No plans to divest stake in DNeX — Censof

This article first appeared in The Edge Financial Daily, on September 6, 2018.
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KUALA LUMPUR: Censof Holdings Bhd has no plans to divest its 16.22% stake in Dagang NeXchange Bhd (DNeX) as crude oil prices continue to gain strength.

Its managing director Ameer Shaik Mydin said the group is also expecting better dividend payouts from DNeX going forward as business environment improves.

“DNeX is in information technology and oil and gas and crude oil price is going up. We still hold a 16.22% stake [in DNeX]. At this juncture, we are going to see what is the dividend we are going to get from here. But we foresee there will be dividend because oil price is improving. We will look at opportunities but as of now, [there are] no plans to divest,” he told reporters after Censof’s annual general meeting yesterday.

On Censof’s own business, which reported a net loss of RM9.12 million in the financial year ended March 31, 2018 (FY18), Ameer expects the group to return to profit in FY19.

“Overall, we reported a loss for FY18 due to two main reasons. One was a one-off impairment we did for our subsidiary of about RM10 million. Second, there were cost overruns of more than RM10 million from a few projects,” he said.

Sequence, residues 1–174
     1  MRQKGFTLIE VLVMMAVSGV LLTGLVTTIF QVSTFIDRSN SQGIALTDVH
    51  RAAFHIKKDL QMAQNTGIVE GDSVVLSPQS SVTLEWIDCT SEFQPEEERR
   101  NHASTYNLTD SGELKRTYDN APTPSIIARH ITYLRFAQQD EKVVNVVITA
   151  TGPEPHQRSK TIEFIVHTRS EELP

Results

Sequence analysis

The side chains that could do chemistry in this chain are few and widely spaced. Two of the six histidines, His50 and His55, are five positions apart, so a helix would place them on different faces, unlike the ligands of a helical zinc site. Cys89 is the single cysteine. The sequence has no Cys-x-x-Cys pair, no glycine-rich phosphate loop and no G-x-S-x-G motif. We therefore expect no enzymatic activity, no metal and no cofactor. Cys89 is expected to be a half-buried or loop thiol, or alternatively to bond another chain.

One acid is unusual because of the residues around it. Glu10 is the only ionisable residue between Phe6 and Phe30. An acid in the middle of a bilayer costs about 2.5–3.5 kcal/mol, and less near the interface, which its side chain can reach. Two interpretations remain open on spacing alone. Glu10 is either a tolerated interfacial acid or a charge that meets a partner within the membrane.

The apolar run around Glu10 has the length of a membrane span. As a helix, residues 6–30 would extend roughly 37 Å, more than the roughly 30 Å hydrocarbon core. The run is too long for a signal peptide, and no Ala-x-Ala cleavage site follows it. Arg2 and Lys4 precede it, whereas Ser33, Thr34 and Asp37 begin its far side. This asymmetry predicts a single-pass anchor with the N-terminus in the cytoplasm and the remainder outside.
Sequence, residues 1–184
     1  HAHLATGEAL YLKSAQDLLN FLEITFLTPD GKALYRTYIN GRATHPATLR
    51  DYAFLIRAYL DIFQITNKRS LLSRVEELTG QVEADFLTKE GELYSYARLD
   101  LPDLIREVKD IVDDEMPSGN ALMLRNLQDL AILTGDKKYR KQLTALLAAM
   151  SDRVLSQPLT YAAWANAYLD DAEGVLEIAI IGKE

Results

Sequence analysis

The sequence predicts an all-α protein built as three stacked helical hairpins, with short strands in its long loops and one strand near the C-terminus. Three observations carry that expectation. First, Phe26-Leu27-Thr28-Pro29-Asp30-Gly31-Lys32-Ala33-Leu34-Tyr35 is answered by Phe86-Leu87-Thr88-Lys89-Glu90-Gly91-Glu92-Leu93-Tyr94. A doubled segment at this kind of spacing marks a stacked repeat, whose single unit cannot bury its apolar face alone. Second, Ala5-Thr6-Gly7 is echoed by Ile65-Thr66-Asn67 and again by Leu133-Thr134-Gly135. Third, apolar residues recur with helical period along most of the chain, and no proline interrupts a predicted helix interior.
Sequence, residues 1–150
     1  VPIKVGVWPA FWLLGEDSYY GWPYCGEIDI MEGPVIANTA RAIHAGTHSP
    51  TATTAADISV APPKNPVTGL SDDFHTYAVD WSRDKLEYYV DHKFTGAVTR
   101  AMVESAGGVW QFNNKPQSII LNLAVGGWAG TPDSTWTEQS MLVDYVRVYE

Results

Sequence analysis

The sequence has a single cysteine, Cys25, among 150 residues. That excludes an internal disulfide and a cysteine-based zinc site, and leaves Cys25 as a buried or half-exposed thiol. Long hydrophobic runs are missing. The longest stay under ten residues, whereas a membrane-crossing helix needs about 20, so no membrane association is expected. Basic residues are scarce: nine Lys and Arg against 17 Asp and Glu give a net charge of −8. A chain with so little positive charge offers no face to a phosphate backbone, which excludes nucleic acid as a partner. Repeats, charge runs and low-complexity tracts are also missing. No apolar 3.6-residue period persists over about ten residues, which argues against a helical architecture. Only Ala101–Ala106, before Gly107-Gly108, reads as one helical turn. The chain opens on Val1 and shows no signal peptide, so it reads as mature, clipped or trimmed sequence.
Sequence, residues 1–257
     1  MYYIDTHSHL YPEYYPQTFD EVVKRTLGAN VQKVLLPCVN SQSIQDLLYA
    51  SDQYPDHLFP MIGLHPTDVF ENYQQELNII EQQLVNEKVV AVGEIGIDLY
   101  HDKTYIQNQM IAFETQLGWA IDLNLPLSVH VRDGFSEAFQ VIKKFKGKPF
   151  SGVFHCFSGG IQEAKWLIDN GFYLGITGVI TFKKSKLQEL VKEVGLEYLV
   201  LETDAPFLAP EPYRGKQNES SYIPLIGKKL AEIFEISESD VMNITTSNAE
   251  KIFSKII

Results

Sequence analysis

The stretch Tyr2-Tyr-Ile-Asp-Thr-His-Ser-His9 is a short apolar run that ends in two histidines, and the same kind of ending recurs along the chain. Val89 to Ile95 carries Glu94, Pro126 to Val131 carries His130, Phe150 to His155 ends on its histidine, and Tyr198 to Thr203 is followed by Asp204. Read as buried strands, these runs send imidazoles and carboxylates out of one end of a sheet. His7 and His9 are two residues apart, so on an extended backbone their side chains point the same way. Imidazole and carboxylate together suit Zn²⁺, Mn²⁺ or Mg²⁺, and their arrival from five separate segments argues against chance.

“Moving forward, looking at the products and technology that we are involved in, we foresee that it is going to get a lot more positive this year. In fact, we have shown positive numbers in the first quarter [1QFY19] and we foresee this to go on for the remaining quarters,” he added.

Learning from previous cost overruns, Ameer said Censof will now be more prudent in project deliveries to avoid repeating past mistakes.

“In doing government projects, sometimes the understanding between both parties are not in line, so the project gets dragged. But we are still looking to recover about 65% of our impairments,” he said.

Ameer also said despite the recent change of government, the group is still confident in getting jobs from the public sector, which contribute about 50% to Censof’s total revenue.

“The government in general will be more prudent, meaning that it will look at more alternatives of doing things, including applying technology, which is what we are doing. To me, a change of government means less spending, but we are at the forefront of technology, we can go in an play a role in improving its cost efficiency. So, I see this as an opportunity. Thus, despite the change of government, we are still confident in getting jobs,” he added.